Archive for October, 2009


For years I’ve wanted to write a fairytale called “Rose-Colored Glasses”.  The hero would enter Camelot in rose-colored glasses, seeing everything his idyllic fancies had imagined- but when he removed the glasses while rescuing the damsel in distress he would find his ideals trampled in the mud.  The cure for his despair would be a pure well that would wash both illusions from the hero’s eyes.  Dreams are a lovely thing to have- and they’re not just illusions, as Kermit the Frog sang.  They have their incarnations.  But in order to be a dreamer, one must learn to distinguish what one really wants- and not to let false veneers be the cause of a thwarted dream.

 I dreamed of England.  I read every significant British author there was to read.  I learned to make scones.  I memorized the monarchies.  I wrote to Princess Diana, and kept her reply in a place of honor.  I taught myself to understand most of the multitudinous dialects of “English” English.  I even wrote a poem in a Highland accent.  Immersing myself in films, television and books I cultivated a sense of Britishness that made me feel akin to those across the pond.

England meant Oxfordian libraries with dusty leather bindings and worn armchairs, doggy, draughty estates where one clumped about in Wellingtons between tea and seven course dinners, horse races where the hats dwarfed the horses, wainscoting and beveled windows and half a dozen other architectural terms I didn’t understand but that sounded aristocratic.  The local pub and Liverpool miners would do very well for local color, but I preferred a London flat on a leafy cobbled street down which I would take my umbrella and hie me to Fortnum and Mason’s for cakes for tea.

I never quite made it to England.  But this is not the tale of a broken dream, or a dream deferred.  Answering to the call of an earlier dream, I made a flying trip to Russia- and turned my dreams upside down.  I can’t say what I might have thought on walking out of Heathrow; but walking out of Sheremetovo I fell deeply, irrevocably in love with Russia.  While it’s possible to explain why you love someone, it’s impossible to explain why you fell in love with someone- and I don’t try.  Other than to wonder negligibly where all those years of Anglophilia went wrong.

There are, of course, a slew of reasons, psychological and otherwise, as to why I fell in love with the Russian bear instead of John Bull.  But as time goes on (which it does rather slowly in the Far East) I find that my focus was wrong.  What was it really that I saw in England?  Centuries of history? Vladimir I, Ivan the Terrible, Catherine the Great and the last Romanovs equal any Shakespearean drama.  A mannered culture?  Spanning two continents and two cultural streams, Russia has its own litany of holidays, traditions, and proper behavior.  Literature?  Russian literature is not as dryly amusing as British, and hasn’t the British profligacy with words, but it is a mighty presence, and has its own humor- humor that is more a part of the divine comedy than mere wit.  Tea?  Well, I can’t argue that a British tea- or at least the popular Americanized version- is a spectacle not found elsewhere.  But if we overlook the ceremony and formality, one can get a very good cup of tea in Russia.  And Russia has a depth and emotion that speak to something I never recognized in myself when Browning’s “Oh to be in England” was my banner piece.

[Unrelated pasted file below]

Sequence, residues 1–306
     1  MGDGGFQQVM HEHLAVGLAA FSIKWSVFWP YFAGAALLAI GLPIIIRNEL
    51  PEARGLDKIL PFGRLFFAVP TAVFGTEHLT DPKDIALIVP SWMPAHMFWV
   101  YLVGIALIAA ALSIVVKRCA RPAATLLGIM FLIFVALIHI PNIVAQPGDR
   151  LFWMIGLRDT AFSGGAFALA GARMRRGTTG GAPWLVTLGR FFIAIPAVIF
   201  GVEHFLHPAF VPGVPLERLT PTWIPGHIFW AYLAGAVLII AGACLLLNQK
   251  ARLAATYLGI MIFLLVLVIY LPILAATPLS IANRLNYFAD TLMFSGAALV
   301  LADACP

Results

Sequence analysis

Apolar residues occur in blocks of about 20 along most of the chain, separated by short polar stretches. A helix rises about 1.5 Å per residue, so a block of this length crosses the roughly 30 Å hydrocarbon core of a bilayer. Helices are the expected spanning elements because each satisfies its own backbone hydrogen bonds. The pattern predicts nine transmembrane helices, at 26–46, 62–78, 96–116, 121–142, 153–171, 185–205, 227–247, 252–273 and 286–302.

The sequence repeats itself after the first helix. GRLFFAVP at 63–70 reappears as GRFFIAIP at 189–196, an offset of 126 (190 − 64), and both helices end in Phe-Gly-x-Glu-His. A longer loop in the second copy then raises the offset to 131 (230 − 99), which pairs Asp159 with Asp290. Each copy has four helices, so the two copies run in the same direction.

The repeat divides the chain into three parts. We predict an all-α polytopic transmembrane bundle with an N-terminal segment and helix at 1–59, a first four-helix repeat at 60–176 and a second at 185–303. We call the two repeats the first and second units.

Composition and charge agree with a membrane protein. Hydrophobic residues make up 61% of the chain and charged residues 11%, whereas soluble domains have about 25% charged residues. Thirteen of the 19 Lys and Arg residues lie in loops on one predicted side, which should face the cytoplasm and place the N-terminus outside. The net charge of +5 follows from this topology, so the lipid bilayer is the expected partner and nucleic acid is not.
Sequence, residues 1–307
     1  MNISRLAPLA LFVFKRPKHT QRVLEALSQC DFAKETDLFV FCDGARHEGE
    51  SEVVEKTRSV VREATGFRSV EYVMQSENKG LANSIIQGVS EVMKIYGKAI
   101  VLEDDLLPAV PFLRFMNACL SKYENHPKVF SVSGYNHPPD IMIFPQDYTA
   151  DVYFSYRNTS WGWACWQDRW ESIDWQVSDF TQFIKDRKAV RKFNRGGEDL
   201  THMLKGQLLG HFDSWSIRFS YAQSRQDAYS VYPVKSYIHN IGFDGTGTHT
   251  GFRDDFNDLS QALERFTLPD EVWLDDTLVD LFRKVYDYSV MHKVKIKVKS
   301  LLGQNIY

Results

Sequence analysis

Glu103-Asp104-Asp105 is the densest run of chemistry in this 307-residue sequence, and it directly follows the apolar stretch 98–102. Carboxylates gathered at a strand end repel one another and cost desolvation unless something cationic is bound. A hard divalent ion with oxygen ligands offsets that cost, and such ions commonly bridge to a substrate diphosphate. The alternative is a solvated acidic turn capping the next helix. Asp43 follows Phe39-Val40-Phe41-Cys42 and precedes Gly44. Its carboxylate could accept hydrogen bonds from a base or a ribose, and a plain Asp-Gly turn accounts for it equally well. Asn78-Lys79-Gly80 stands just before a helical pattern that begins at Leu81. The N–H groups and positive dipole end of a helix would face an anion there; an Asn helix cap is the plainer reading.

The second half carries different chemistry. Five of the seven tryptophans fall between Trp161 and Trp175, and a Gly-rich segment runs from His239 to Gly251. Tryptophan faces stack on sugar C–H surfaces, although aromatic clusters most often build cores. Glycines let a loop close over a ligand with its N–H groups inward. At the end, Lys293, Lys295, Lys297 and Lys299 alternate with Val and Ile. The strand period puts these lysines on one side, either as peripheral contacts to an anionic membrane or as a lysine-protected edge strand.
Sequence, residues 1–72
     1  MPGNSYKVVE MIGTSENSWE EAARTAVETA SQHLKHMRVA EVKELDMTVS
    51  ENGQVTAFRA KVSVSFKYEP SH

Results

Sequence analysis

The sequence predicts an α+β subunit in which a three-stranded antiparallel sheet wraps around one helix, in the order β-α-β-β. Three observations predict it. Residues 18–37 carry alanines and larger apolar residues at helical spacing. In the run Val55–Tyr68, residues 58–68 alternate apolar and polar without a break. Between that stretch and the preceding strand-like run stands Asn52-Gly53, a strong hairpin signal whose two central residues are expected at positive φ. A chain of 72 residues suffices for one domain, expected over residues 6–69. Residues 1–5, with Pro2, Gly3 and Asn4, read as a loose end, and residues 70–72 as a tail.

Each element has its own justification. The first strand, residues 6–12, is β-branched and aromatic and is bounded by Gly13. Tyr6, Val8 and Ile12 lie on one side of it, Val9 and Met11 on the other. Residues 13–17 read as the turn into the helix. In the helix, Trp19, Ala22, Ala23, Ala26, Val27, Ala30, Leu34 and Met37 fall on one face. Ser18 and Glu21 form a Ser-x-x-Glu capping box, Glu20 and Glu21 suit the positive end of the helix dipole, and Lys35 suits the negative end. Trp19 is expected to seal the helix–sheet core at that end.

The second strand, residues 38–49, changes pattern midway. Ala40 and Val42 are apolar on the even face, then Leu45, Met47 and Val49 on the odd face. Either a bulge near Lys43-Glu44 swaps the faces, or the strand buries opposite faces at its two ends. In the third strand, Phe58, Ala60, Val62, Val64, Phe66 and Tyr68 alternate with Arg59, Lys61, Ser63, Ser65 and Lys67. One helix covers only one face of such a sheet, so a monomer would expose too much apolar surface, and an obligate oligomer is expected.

My Russian husband often takes a break to share a cup of tea and my pound cake, and I relish the feeling that drinking a cup of tea- sconeless or not!- is important in this moment .  I take our daughter Sofya for a walk each day, as any nanny should, rolling the carriage- nothing so practical and industrial as a stroller!- down leafy streets, enjoying the feeling that this is the proper thing to do, and there is no reason to be hurrying elsewhere.  Winnie-the-Pooh and Gena the Crocodile share Sofya’s bed with her, and we sing Winnie’s Hums in Russian as we walk, enjoying the easy nonsense and the innocence that is lacking in “Where the Wild Things Are”.  Each new season gives us a reason to buy hat, shoes, scarf, and bag, because people “dress” in Russia, letting us appreciate the season and mark its passing.  Holidays bring traditions beyond television programs and commercialized parades- memorizing poems for Grandfather Frost, beating eggs for Easter, and taking flowers to the teacher on the first day of school.  And I am content in my whitewashed house with blue windows, lace curtains fluttering over red geraniums on the deep sills, walls of books punctuated by my piano in the sitting room.  No dogs, Wellingtons, or pipes lying about, but a sense of life and time and traditions treasured.

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